Study: Probiotic in Yogurt May Protect Against Antibiotic-Associated Diarrhea

Individuals in a study who received the food with BB-12 probiotic retained beneficial metabolites produced by the microbiota.

Yogurt containing the probiotic Bifidobacterium lactis, BB-12, may protect against antibiotic-associated diarrhea, investigators at the Georgetown University Medical Center, University of Maryland School of Maryland (UMSOM), and the University of Maryland School of Pharmacy found.

“This finding provides important new insights into the mechanisms by which the probiotic, BB-12, may protect against antibiotic-associated diarrhea,” Claire Fraser, PhD, professor of medicine and dean’s endowed professor of UMSOM and director of the UMSOM Institute for Genome Sciences, said in a statement.

“The new insights that we obtained regarding BB-12 reflect the multi-omics approach that we used in our study. This was possible only because of the different expertise that each of the principal investigators brought to this collaboration,” Fraser said.

The study results showed that after taking antibiotics, short chain fatty acid acetate, a beneficial metabolite produced by the microbiota, was reduced in all individuals. However, the reduction was significantly greater in individuals taking the placebo yogurt than those taking the BB-12 supplement.

Individuals who received BB-12 also returned to baseline levels of the acetate in 30 days, while the control group remained below baseline.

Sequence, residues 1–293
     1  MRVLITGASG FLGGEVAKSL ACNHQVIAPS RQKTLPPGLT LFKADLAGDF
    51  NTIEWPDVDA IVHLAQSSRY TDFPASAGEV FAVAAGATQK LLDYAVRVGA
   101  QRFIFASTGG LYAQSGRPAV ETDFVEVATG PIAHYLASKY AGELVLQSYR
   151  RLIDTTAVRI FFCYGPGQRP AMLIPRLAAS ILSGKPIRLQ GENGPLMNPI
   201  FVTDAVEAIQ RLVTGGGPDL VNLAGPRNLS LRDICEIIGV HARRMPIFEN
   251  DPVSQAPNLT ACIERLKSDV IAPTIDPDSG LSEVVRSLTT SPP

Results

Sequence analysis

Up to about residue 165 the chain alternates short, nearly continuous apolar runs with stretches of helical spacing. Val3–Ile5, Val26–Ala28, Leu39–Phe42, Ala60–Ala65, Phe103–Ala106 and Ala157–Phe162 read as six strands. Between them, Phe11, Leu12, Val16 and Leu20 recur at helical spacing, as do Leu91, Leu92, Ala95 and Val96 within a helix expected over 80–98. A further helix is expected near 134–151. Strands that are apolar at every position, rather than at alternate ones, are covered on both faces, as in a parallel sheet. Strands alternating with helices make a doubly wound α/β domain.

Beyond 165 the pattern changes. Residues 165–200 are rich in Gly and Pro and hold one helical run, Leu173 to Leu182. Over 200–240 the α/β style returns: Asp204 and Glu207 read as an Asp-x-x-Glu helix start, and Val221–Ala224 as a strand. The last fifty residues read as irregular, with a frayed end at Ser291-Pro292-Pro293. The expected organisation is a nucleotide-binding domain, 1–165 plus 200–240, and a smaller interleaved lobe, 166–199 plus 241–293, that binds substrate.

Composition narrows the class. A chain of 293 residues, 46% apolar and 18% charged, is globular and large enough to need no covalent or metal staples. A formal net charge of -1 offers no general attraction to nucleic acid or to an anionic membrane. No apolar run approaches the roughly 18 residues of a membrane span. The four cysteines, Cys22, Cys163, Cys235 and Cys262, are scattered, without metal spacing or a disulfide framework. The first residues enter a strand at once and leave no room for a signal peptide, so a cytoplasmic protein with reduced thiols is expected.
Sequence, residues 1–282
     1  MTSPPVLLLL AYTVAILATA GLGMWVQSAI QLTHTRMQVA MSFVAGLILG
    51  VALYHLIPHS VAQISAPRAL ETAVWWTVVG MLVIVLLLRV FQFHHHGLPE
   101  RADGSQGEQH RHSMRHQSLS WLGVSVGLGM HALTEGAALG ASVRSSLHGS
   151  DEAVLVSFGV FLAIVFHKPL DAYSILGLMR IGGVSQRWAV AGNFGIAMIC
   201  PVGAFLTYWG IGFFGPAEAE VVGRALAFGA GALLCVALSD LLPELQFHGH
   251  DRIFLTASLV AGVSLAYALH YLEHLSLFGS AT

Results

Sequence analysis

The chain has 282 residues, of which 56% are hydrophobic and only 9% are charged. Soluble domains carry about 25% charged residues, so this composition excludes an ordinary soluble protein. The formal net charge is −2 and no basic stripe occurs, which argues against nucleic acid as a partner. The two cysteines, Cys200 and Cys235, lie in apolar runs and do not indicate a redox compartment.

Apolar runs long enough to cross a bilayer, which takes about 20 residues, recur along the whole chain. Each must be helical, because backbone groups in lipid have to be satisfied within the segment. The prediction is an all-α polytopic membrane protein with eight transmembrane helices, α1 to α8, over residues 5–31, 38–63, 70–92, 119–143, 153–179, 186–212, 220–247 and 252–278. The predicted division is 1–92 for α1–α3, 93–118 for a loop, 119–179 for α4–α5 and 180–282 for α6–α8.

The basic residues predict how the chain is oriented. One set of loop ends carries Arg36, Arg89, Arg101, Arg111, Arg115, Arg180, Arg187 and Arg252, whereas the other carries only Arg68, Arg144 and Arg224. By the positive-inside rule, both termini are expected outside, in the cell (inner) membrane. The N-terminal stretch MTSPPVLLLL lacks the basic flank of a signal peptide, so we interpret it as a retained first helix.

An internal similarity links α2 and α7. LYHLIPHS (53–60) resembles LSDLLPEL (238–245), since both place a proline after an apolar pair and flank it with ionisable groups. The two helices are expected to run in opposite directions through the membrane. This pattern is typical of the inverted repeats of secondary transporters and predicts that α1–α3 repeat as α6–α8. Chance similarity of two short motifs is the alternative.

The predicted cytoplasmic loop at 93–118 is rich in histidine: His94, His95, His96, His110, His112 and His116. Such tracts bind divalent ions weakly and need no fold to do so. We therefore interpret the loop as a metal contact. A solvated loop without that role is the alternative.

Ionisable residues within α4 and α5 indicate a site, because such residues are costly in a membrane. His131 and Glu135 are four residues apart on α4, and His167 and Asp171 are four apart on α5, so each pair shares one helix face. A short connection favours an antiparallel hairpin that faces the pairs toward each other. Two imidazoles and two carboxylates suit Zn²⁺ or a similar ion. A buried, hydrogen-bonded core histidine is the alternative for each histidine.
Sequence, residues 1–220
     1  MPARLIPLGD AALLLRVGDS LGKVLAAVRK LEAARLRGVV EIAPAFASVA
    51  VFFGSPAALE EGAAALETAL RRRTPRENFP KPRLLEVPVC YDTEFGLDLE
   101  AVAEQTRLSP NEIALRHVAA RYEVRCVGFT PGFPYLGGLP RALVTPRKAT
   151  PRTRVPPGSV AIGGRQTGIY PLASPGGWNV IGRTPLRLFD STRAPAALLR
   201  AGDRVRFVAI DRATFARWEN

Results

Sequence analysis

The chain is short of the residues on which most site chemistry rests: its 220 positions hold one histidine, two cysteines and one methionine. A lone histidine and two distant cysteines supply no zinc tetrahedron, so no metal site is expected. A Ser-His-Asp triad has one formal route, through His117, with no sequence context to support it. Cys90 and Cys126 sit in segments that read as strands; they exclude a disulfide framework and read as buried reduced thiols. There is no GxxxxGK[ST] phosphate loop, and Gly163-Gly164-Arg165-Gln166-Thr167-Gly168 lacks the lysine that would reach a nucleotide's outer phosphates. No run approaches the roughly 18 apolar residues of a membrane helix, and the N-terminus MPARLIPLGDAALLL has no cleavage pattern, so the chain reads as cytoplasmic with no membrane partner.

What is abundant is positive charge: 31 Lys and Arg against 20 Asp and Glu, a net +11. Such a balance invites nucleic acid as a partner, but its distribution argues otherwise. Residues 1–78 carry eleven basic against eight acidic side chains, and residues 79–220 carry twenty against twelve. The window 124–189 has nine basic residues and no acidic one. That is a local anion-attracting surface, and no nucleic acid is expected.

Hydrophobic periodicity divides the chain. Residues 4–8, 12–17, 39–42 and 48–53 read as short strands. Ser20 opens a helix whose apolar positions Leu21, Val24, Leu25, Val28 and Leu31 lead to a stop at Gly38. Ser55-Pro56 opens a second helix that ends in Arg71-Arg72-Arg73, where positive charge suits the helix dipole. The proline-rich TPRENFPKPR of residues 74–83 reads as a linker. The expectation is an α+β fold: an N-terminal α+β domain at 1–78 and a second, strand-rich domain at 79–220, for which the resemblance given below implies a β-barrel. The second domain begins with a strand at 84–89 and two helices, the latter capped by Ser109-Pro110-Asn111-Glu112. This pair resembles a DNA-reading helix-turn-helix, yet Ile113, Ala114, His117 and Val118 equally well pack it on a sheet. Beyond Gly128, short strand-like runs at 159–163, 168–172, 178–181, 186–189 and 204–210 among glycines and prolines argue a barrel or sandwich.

In the study, 42 healthy individuals were randomly assigned to eat a daily serving-size container of yogurt containing BB-12 while also taking a standard-week long regimen of amoxicillin-clavulanate (Augmentin). They continued the yogurt for a week after finishing the antibiotic.

Twenty other individuals served as the control group and were randomly assigned daily yogurt without the probiotic with the same regimen and continued the yogurt the following week, as well.

Antibiotics often disrupt the healthy gut microbiome, which could cause individuals to stop taking their medication early and cause the infection to persist. A small percentage of people could also develop C. difficile but can be kept in check by the good bacteria in the microbiome.

The National Institutes of Health will fund an additional follow-up study to further explore these results and decide when the best time to consume a probiotic is.

Reference

Probiotic-containing yogurt protects against microbiome changes that lead to antibiotic-induced diarrhea. EurekAlert. News release. September 14, 2021. Accessed September 15, 2021. https://www.eurekalert.org/news-releases/928454